SOCIAL SECURITY: “A declining number of Americans receiving federal disability payments will allow lawmakers to postpone taking steps to address long-term imbalances in the system.
The annual report from the trustees of the nation’s largest entitlement programs revealed Thursday [7-13-17] that the trust fund for Social Security’s disability program will last until 2028, five years longer than previously projected, owing in part to lower-than-expected applications for disability benefits.
The Social Security system has two trust funds, one for disability and one for retirement. The fund for disability benefits is the smaller of the two—$46 billion for disability, compared with $2.8 trillion for retirement. The longer projection for the smaller fund means Congress isn’t immediately forced to grapple with looming shortfalls in any of its programs.
The overall financial health of the entitlement programs hasn’t improved, according to the report. If Social Security’s retirement and disability funds are combined into one program, their funds will be exhausted in 2034, unchanged from last year.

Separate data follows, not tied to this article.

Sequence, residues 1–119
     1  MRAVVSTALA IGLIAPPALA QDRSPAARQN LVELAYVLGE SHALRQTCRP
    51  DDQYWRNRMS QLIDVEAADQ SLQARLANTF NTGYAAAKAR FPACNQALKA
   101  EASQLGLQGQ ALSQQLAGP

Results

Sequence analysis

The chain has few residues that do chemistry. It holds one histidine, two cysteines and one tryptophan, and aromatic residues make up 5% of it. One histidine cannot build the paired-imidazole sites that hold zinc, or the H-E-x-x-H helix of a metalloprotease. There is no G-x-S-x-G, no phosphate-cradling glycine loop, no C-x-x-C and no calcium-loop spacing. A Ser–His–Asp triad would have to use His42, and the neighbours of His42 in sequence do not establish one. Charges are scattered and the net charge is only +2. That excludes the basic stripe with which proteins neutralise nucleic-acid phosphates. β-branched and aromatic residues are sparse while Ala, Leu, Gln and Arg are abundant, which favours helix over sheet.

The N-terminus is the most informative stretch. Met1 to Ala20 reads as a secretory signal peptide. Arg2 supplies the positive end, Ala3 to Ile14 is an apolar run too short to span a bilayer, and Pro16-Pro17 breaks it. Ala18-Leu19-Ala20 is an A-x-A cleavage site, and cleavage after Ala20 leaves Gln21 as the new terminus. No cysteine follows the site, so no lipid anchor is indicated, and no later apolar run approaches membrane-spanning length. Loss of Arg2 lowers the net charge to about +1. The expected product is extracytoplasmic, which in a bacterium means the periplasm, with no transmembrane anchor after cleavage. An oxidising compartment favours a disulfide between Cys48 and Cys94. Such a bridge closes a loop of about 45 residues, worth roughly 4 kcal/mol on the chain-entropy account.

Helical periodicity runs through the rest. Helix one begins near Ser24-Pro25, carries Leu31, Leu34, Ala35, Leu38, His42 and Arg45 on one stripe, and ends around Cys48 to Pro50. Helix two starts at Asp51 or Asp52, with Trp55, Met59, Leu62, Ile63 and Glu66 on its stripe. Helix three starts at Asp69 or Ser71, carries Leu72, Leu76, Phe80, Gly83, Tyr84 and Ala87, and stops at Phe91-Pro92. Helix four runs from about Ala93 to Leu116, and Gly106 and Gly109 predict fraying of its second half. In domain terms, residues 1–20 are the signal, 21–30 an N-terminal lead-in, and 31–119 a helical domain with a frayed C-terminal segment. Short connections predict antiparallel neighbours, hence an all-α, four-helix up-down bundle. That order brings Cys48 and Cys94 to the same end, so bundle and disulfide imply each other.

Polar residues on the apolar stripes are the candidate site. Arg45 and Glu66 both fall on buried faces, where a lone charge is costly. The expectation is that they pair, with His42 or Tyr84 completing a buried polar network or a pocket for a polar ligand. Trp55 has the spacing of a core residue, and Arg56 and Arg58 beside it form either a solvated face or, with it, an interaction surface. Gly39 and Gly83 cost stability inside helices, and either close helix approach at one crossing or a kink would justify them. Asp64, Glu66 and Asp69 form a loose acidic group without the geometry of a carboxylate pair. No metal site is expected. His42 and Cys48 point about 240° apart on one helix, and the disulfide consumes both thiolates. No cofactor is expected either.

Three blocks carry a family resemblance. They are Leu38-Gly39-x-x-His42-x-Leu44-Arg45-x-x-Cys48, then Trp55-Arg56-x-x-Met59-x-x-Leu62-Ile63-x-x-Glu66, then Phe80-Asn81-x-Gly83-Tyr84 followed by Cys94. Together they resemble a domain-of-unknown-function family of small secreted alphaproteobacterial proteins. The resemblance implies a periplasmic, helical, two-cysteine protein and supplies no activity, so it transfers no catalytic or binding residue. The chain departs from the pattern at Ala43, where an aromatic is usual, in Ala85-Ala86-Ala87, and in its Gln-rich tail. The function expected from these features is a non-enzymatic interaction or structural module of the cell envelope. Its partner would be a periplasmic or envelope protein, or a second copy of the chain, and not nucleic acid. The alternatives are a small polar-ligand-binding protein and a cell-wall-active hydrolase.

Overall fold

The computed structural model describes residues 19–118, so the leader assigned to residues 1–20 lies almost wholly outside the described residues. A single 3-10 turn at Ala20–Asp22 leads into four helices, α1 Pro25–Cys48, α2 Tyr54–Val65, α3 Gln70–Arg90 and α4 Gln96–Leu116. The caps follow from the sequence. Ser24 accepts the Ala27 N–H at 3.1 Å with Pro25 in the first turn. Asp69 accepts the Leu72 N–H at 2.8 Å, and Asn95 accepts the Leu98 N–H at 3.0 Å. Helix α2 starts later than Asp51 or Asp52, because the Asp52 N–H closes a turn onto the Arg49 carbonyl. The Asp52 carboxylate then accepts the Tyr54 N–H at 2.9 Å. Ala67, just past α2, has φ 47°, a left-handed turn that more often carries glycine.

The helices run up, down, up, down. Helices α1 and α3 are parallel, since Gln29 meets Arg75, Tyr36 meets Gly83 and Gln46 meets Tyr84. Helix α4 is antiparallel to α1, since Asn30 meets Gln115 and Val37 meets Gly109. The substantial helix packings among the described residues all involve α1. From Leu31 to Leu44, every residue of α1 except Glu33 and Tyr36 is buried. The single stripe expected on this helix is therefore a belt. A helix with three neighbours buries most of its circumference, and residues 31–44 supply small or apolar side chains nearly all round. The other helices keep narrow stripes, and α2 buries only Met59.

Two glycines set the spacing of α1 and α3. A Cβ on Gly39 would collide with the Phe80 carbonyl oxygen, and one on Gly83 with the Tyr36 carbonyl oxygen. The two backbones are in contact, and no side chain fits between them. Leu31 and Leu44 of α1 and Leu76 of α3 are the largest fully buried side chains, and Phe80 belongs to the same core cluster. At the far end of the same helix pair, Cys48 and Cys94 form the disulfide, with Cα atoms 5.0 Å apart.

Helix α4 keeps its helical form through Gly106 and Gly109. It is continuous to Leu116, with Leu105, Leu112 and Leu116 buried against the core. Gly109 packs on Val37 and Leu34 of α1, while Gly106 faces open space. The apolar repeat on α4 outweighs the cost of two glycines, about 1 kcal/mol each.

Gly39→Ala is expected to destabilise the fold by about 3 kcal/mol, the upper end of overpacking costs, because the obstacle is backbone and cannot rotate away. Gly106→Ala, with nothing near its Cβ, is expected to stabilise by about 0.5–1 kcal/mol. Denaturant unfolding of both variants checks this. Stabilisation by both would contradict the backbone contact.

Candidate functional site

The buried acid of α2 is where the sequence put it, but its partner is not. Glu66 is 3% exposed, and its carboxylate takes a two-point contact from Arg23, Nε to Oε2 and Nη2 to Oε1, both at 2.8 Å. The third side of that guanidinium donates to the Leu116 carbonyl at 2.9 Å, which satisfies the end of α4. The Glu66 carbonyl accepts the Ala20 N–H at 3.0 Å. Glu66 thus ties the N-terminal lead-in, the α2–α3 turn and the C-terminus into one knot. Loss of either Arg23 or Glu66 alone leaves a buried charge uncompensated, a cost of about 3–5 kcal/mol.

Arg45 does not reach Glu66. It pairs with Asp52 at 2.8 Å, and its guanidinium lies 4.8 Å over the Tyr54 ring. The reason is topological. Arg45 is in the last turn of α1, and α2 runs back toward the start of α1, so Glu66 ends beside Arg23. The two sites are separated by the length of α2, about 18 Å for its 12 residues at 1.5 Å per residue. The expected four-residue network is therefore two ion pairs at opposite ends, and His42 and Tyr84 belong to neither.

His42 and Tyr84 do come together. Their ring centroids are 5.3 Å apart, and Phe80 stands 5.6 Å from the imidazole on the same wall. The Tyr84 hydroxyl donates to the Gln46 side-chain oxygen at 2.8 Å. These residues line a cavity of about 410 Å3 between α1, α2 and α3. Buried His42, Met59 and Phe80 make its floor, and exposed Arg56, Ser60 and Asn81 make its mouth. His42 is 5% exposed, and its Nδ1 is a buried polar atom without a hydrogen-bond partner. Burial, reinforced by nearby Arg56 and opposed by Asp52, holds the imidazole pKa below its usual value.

The trust funds were built when more people paid into the system than received benefits. As the population ages, benefit payments are projected to exceed revenues, drawing down fund balances. Under current law, when the trust funds are emptied, benefits from the programs will be abruptly reduced. The latest projections say retirement benefits would be slashed by 25%. The status of the funds is thus a potential trigger for reforms in the programs.”

-Josh Zumbrun, “Social Security, Medicare Face Depletion Within 17 Years, Trustees Say,” The Wall Street Journal online, July 13, 2017 06:50pm